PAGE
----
Friday, August 25, 2006

To A Waterfowl

This classic poem by William Cullen Bryant is well known, but each time I read it I love where he takes me. I love the nature poets. I have sat by a pond or lake many times fishing and watching the ducks fly in for a landing with their wings making that soothing whistling sound. I have watched as well, many times the ducks in the distance, a shadow in the setting suns light, so I particularly like this one and where it takes me.

To a Waterfowl

Whither, midst falling dew,
While glow the heavens with the last steps of day,
Far, through their rosy depths, dost thou purse
Thy solitary way?

Vainly the fowler’s eye
Might mark thy distant flight to do thee wrong,
As, darkly painted on the crimson sky,
Thy figure floats along.

Seek’st thou the plashy brink
Of weedy lake, or marge of river wide,
Or where the rocking billows rise and sink
On the chafed ocean-side?

There is a power whose care
Teaches thy way along that pathless coast –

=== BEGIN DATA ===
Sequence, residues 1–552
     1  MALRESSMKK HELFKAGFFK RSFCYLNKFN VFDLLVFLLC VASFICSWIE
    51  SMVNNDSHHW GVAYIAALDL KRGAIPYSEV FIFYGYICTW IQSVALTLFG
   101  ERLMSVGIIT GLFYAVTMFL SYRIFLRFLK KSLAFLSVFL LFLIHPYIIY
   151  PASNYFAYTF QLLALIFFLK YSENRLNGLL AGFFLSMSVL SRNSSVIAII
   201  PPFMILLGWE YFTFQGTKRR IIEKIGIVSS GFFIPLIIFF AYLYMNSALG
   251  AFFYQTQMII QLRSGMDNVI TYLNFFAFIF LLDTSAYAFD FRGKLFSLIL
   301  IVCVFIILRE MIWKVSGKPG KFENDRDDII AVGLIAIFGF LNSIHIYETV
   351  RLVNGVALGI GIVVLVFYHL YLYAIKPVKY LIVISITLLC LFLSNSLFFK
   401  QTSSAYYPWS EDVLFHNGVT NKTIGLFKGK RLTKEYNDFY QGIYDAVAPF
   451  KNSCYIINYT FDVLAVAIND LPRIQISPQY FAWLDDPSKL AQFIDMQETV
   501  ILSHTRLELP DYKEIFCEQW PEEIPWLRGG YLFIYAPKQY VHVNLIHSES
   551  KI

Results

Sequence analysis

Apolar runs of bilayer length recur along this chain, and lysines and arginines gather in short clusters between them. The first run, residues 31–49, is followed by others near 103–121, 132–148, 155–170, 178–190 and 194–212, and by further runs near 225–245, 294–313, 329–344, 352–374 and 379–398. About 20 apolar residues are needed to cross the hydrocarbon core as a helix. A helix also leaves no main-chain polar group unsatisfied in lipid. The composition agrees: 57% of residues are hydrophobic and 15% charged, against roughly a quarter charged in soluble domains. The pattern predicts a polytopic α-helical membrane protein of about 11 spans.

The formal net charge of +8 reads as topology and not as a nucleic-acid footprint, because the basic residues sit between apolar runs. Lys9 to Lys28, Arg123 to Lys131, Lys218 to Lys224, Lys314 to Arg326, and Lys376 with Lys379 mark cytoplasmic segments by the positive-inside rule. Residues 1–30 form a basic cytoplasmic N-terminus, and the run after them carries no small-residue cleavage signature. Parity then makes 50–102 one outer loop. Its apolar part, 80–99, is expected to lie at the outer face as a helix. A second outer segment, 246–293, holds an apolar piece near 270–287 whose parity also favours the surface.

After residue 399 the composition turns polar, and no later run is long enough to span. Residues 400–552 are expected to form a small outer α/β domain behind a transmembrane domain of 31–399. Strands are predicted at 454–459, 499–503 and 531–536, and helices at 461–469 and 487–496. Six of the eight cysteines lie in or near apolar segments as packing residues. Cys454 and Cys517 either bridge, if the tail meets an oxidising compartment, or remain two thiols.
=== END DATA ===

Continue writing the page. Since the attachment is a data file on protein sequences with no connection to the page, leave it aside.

The desert and illimitable air ----
Lone wandering, but not lost.

All day thy wings have fanned,
At that far height, the cold, thin atmosphere,
Yet stoop not, weary, to the welcome land,
Though the dark night is near.

And soon that toil shall end;
Soon thou find a summer home, and rest,
And scream among thy fellows; reeds shall bend,
Soon, o’er thy sheltered nest.

Thou’rt gone, the abyss of heaven
Hath swallowed up thy form; yet, on my heart
Deeply hath sunk the lesson thou hast given.
And shall not soon depart:

He, who, from zone to zone,
Guides through the boundless sky thy certain flight,
In the long way that I must tread alone,
Will lead my steps aright.
William Cullen Bryant.

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